Despite the fact that Black and lower-income communities have been disproportionately hit by the coronavirus, data shows that in Miami-Dade County, people in those very areas are receiving fewer COVID-19 vaccinations than residents of whiter, wealthier neighborhoods.
As the county continues its vaccine rollout to people aged 65 and older, state vaccination numbers have highlighted a major disparity: Communities with higher average incomes have been getting more doses than more impoverished neighborhoods, as detailed in a recent Miami Herald report.
On Miami’s luxe Fisher Island, half of the residents have been vaccinated already, while affluent zip codes in Aventura and Deering Bay show vaccination rates of 13 percent and 14 percent, respectively. By comparison, in Opa-locka, which has a poverty rate rate of 41 percent and a majority Black population, only 2 percent of residents have been vaccinated.
Daniella Pierre, president of the Miami-Dade NAACP branch, says vaccination efforts by the county have not been equitable, and she wants to help Miami-Dade do a better job of vaccinating the people who most need it.
“While we understand that there is a limited supply of the COVID-19 vaccinations, the supply that is on hand is not being equitably dispersed,” Pierre says. “That is systemic — it’s nothing new. Those wealthier communities tend to rise to the top, but where the need truly is, the response is fractured.”
Pierre says that so far the county has been informing seniors of available vaccines via Twitter and social media, which isn’t always helpful for seniors who may not have access to the internet.
Over the weekend, the NAACP released a four-step plan it wants the county to follow in order to achieve equitable distribution of vaccines to Black communities. The plan also addresses how Miami-Dade can reach people in marginalized communities who have developed a distrust of vaccines and government.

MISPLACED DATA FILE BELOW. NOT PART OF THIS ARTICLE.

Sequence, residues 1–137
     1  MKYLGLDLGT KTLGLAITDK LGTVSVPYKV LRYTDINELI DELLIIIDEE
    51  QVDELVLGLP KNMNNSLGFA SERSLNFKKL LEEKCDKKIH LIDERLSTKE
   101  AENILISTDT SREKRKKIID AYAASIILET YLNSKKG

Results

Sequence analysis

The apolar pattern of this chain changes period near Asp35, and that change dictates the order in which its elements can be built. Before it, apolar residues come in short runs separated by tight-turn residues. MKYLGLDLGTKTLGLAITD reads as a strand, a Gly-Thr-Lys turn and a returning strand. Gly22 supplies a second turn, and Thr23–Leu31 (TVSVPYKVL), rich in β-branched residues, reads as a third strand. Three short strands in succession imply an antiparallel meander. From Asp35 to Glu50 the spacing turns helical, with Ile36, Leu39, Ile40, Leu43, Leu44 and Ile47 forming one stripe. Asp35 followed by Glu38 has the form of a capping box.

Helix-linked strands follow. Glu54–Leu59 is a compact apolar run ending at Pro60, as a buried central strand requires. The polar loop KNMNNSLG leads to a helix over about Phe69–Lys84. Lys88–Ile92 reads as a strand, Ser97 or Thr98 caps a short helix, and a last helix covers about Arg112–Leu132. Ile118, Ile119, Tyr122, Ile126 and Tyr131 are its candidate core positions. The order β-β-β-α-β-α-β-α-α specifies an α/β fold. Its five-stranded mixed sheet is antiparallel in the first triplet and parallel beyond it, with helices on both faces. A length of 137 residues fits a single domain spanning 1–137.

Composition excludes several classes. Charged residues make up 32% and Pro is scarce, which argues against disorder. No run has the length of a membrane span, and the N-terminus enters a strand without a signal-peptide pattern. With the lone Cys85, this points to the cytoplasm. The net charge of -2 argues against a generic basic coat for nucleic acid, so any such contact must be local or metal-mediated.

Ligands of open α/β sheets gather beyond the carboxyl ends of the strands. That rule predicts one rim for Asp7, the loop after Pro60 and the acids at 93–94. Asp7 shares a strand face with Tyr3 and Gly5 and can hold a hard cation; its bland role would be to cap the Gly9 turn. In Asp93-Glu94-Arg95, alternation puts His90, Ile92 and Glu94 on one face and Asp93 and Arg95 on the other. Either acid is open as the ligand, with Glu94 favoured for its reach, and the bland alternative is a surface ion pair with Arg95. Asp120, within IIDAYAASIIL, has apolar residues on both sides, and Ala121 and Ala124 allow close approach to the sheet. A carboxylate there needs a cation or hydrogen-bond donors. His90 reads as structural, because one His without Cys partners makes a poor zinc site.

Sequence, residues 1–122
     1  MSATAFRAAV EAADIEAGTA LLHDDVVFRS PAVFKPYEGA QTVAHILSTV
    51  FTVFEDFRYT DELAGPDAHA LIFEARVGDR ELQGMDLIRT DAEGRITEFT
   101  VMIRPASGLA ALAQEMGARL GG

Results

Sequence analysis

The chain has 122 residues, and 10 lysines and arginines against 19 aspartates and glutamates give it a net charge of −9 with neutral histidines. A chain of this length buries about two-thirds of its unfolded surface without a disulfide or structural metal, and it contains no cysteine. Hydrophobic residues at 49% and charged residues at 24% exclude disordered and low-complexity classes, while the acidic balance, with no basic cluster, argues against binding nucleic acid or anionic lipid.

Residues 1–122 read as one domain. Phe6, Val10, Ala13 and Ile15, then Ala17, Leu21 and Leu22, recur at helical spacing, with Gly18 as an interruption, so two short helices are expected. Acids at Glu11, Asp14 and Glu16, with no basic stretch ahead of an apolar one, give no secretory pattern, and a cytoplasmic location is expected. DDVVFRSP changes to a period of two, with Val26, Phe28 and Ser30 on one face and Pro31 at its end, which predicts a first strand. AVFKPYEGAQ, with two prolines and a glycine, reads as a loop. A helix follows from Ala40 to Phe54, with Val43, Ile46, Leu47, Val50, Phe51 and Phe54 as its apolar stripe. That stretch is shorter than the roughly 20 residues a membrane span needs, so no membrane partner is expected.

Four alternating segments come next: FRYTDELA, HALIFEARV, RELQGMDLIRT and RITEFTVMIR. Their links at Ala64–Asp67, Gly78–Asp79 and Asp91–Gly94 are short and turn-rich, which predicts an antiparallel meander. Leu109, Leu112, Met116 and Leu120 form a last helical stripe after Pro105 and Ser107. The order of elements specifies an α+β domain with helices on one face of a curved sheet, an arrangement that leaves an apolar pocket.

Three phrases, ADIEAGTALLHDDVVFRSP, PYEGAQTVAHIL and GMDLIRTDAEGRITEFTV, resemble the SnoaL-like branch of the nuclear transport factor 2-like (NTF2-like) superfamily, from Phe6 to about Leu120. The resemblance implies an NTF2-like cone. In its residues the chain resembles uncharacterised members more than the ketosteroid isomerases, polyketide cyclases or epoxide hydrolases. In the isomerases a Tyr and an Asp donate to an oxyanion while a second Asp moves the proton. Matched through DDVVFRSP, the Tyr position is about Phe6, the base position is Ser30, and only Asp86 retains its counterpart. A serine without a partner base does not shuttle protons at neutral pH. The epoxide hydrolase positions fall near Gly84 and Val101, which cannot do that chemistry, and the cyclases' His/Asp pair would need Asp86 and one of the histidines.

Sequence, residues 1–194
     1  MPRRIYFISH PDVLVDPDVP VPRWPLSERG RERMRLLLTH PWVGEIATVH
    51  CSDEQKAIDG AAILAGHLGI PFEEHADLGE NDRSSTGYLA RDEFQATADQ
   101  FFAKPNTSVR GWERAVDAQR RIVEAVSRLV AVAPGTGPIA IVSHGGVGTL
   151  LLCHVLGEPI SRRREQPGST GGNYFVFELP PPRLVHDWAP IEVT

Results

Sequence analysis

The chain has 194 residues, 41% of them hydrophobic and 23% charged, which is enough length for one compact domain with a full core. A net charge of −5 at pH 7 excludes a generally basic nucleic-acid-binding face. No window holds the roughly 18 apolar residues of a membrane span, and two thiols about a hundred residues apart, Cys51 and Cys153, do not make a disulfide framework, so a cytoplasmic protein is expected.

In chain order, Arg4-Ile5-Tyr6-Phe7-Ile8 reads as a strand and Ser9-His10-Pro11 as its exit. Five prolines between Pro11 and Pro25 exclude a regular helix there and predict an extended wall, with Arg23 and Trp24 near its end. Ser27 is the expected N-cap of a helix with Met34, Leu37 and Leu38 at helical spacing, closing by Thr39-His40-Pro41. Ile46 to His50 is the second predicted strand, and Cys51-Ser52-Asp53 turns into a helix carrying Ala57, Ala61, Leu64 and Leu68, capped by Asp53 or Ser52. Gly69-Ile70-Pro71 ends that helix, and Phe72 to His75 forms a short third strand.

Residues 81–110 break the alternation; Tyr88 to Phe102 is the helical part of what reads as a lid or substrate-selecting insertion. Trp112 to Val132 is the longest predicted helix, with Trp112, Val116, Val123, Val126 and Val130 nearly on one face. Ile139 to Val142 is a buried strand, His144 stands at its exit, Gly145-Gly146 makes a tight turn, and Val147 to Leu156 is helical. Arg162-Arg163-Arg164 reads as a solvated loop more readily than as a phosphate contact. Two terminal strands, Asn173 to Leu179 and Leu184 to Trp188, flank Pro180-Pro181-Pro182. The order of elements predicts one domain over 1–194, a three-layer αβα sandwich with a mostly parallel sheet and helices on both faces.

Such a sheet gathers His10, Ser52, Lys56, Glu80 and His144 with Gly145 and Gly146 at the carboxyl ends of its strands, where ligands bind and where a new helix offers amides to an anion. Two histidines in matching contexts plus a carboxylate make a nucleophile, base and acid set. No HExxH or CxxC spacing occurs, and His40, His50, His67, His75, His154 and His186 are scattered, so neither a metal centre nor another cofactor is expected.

First, the organization asks the county to engage the Black community about the vaccine and to be transparent about its possible side effects and risks. Pierre says many Black residents are well aware of the infamous, decades-long Tuskegee experiment, in which public-health officials conscripted Black men with syphilis into a clinical trial and falsely claimed they were treating them but instead allowed their diseases to progress without actually medicating them.
“Many people lived through it. Many people have heard about it, read about it, and are still pained by it. That happened at the hands of a government that we’re supposed to trust,” Pierre says. “The county needs to dispel myths and allow people to make informed decisions.”
The NAACP plan calls for scientifically based, educational outreach via avenues besides the typically used churches and supermarkets, which could include hair salons, laundromats, or public transit stations.
The NAACP also wants to see the county bring vaccines to urban-core areas like Liberty City, Overtown, and South Dade.
Finally, the organization recommends following up with Black residents after they are vaccinated, to educate them about next steps and tell them where to report any side effects.
Last week, Miami-Dade County Mayor Daniella Levine Cava signed an emergency order requiring all local hospital systems to report daily vaccine supply, immunizations performed, and demographic data. Cava tells New Times the order was meant to address issues of inequity by showing where those vaccines are most needed and better addressing those areas.
“That’s why I signed an Emergency Order giving the County greater oversight of vaccination in Miami-Dade – requiring hospitals and all entities to publish daily updates on their progress to ensure no communities are left behind,” Cava writes in an email.
Cava also says the county is working to implement a call-in option to make vaccination appointments over the phone rather than solely online. Miami-Dade officials are also reaching out to senior citizens in county-managed public housing units.
Cava’s office tells New Times that the Office of Emergency Management will begin connecting with county agencies such as the Office of Community Advocacy this week to improve outreach to elderly residents.
Original Article: Miami New Times